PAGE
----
Tuesday, July 10, 2012

Chasing China: A Daughter's Quest for Truth

Oh wow... what a good book.  It could have used a little more detail here and there, but over all, it was such an awesome story.

I just finished reading Chasing China: A Daughter's Quest for Truth by Kay Bratt.  I had heard about different horror stories of abducted babied being adopted out to foreign families in order to get donations that were used on just about anything but the orphanages.  I remember as a kid in jr high or high school, reading a series of stories in some news magazine about China and some of the sob stories from some of the lucky ones that were able to get out of the country.  I'm sure that there are sob stories from just about anywhere in the world, including our own country, but this story is about Mia...

Mia was adopted by her American parents at the age of 4 from an orphanage in Suzhou.  Wanting to learn a little more about her roots and possibly find an reason why her parents abandoned her, Mia went back to China with hopes and dreams of her other family.  Of course, while she was there, she ended up meeting another American.  This was the part of the story that I felt was a little too far fetched, but I guess she made it work.  Not only was Jax Asian-American on an internship in China, he just happened to live in the same state as Mia and lived a mere 2 hours away.  Yeah, what were the chances of that happening (as I roll my eyes).  :-)  :-)

Okay, okay... I don't want to bash this book because it was good.  It looks like this was only her second book and I'm impressed with some of the details.  I can tell that this writer is really passionate about wanting to help the orphans and children of China from Mia's story and what she witnessed during her visit.  I'm not going to repeat any of it here because I don't think I can without breaking out in tears again.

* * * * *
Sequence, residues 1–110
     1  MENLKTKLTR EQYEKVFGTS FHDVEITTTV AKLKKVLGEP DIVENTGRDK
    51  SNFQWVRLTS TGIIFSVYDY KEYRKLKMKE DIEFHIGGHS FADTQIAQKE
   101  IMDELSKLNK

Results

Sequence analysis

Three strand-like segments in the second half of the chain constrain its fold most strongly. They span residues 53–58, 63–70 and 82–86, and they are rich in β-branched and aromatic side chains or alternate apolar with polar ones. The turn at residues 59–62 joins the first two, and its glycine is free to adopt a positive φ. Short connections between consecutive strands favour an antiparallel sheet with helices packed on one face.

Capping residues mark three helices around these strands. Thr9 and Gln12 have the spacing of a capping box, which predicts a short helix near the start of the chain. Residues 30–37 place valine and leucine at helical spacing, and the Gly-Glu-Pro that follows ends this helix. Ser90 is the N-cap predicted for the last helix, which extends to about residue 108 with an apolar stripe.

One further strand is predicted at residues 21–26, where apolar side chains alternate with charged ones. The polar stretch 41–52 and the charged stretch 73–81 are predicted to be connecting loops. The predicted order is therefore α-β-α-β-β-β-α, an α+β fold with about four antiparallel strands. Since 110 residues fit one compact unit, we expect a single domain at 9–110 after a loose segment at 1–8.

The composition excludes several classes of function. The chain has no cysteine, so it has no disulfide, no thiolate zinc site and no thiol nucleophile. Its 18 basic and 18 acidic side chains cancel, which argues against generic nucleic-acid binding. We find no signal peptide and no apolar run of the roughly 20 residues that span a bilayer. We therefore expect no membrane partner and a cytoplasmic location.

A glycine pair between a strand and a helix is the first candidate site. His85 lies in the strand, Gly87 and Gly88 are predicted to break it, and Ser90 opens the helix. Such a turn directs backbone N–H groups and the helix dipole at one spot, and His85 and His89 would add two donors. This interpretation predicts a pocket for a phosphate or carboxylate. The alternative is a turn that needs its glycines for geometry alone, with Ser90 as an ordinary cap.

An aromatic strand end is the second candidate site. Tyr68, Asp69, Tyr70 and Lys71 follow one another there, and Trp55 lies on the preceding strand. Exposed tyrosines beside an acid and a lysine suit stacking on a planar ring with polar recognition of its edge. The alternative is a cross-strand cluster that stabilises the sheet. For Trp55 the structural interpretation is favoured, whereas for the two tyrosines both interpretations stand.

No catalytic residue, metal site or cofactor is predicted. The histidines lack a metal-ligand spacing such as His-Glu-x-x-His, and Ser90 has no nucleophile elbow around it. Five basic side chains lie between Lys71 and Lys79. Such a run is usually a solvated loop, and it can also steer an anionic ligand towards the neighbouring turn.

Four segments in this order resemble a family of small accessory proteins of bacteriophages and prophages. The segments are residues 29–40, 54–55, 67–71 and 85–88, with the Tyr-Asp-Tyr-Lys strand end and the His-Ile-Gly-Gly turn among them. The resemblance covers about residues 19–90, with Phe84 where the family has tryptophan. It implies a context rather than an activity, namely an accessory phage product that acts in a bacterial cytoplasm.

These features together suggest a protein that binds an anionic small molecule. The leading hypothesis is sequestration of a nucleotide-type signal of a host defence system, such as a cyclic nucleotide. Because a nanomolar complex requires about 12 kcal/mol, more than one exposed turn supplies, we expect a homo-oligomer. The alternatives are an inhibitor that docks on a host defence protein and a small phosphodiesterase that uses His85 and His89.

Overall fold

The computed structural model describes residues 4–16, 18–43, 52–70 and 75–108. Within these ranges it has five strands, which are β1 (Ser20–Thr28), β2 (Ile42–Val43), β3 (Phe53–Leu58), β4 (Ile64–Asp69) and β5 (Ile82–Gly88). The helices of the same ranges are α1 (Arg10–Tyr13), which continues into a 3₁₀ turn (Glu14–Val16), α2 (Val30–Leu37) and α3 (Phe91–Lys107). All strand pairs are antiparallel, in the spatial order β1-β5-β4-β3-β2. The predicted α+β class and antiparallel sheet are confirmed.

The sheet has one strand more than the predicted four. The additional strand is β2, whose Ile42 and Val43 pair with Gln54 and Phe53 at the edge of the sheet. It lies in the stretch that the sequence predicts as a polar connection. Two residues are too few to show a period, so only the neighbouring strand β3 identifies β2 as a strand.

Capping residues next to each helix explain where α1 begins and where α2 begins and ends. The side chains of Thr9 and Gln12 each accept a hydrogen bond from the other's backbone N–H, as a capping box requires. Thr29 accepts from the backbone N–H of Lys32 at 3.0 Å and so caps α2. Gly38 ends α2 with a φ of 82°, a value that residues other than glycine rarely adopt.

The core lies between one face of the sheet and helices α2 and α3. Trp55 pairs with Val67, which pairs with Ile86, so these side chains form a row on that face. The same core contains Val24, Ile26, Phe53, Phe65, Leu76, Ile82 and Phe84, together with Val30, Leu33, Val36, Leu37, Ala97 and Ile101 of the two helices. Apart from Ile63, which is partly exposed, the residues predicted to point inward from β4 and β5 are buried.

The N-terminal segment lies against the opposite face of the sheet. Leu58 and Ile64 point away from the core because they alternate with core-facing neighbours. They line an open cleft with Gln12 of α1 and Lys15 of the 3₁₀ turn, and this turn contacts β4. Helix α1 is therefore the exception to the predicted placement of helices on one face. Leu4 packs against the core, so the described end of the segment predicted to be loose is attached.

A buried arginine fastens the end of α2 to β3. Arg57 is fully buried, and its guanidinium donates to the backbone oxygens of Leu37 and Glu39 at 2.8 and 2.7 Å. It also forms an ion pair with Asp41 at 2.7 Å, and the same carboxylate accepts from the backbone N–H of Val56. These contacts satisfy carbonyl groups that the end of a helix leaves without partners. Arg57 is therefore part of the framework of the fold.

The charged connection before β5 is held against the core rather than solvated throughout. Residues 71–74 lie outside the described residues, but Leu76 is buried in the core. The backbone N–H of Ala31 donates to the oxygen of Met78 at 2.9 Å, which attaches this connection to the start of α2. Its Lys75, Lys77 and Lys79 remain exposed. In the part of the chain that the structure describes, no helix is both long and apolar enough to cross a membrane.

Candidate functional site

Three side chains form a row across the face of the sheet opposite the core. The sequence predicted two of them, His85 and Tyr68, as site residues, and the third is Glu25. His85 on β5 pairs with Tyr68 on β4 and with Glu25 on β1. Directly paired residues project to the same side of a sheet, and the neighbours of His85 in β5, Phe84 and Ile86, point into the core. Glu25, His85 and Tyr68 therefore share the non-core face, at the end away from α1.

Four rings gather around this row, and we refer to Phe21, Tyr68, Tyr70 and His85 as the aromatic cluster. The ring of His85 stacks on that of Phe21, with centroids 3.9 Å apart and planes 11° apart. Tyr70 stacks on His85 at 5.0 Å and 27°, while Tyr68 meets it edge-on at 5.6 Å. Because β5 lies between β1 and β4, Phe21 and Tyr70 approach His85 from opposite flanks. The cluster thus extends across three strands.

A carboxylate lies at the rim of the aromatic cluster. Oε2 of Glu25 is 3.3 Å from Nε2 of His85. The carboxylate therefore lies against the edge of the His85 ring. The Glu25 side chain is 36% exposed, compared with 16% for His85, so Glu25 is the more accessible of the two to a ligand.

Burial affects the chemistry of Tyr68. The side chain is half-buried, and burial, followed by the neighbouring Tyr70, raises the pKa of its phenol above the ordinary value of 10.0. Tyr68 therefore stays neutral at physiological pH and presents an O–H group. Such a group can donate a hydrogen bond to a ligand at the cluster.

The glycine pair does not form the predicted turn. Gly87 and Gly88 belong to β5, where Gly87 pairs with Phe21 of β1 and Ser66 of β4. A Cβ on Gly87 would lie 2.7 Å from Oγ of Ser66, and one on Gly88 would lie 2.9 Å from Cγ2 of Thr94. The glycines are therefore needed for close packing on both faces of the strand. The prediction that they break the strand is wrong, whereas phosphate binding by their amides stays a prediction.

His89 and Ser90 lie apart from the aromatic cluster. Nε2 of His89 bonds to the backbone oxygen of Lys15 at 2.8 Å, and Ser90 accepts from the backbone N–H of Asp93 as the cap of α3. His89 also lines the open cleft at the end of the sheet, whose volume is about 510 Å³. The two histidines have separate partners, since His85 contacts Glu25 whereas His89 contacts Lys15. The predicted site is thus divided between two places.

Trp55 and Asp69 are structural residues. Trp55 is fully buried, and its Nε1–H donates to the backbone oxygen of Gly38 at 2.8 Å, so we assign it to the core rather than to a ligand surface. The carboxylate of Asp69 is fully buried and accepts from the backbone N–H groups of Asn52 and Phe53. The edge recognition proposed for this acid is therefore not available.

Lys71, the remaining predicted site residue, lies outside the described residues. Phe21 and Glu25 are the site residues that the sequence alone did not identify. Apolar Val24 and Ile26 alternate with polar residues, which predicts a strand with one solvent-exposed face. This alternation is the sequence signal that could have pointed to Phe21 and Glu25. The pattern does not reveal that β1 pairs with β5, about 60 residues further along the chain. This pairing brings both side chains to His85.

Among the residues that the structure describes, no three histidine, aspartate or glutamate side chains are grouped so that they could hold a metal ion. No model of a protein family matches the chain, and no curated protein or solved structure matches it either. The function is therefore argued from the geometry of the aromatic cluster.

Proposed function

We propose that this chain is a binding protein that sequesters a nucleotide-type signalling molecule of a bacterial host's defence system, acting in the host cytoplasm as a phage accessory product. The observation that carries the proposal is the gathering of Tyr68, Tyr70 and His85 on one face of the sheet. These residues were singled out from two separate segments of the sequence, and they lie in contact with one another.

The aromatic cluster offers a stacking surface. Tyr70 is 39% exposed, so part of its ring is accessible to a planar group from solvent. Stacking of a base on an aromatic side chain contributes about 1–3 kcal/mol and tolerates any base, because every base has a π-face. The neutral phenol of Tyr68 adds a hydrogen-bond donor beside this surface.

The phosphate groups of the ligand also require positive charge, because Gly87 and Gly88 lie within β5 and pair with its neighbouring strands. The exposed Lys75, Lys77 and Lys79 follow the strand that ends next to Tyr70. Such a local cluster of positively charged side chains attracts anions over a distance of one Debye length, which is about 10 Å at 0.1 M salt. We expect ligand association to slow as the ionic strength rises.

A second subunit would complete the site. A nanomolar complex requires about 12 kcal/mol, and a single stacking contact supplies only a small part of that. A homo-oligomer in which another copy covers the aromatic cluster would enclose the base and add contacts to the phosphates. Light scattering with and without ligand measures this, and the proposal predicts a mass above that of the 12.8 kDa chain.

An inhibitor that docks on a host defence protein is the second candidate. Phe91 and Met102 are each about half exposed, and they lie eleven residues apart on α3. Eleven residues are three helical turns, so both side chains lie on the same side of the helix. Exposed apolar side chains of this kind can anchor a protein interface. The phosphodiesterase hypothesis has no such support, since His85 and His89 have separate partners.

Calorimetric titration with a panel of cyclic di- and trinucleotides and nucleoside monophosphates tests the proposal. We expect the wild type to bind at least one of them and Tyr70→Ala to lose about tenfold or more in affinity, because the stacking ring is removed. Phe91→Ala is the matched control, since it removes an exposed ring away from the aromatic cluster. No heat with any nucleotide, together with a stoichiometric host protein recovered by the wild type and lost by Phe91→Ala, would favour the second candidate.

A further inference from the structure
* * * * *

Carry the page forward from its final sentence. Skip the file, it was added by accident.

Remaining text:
I was impressed with the detail that she used to describe one of the babies that Mia became attached to - a 9 month old precious little girl with a heart condition named Xinxin.  I wish the writer would have used the passion that she used in describing this little girl for her main characters, but from what i understood after reading the acknowledgements at the end of the book, Xinxin was based on a real person.  It then made sense to me as to why the little girl seemed more real than the other characters.  Since I'm not a writer, I really don't know how to make a fictional character more 'real', but little Xinxin was real and she really popped out of the story even though she was only a minor character.  I wish I knew how to fix it or make suggestions for future characters, but the main characters were just a little too empty.  I was able to see Xinxin in my mind more than any of the other characters - I could almost be able to feel her light weight little body in my arms and hear her breathing and feel her moving her little body while she took everything in.  I think because these descriptions were written from real memories, they just make that part of the book way more interesting.

I'd be really curious to see how the writer is doing with this in her other books.  But after thinking about it, even if her writing style stays exactly the same as in Chasing China, I hope that she is able to continue being an advocate for children in China and where ever else she sets her mind to.  :-)  :-)

Happy reading,


No comments: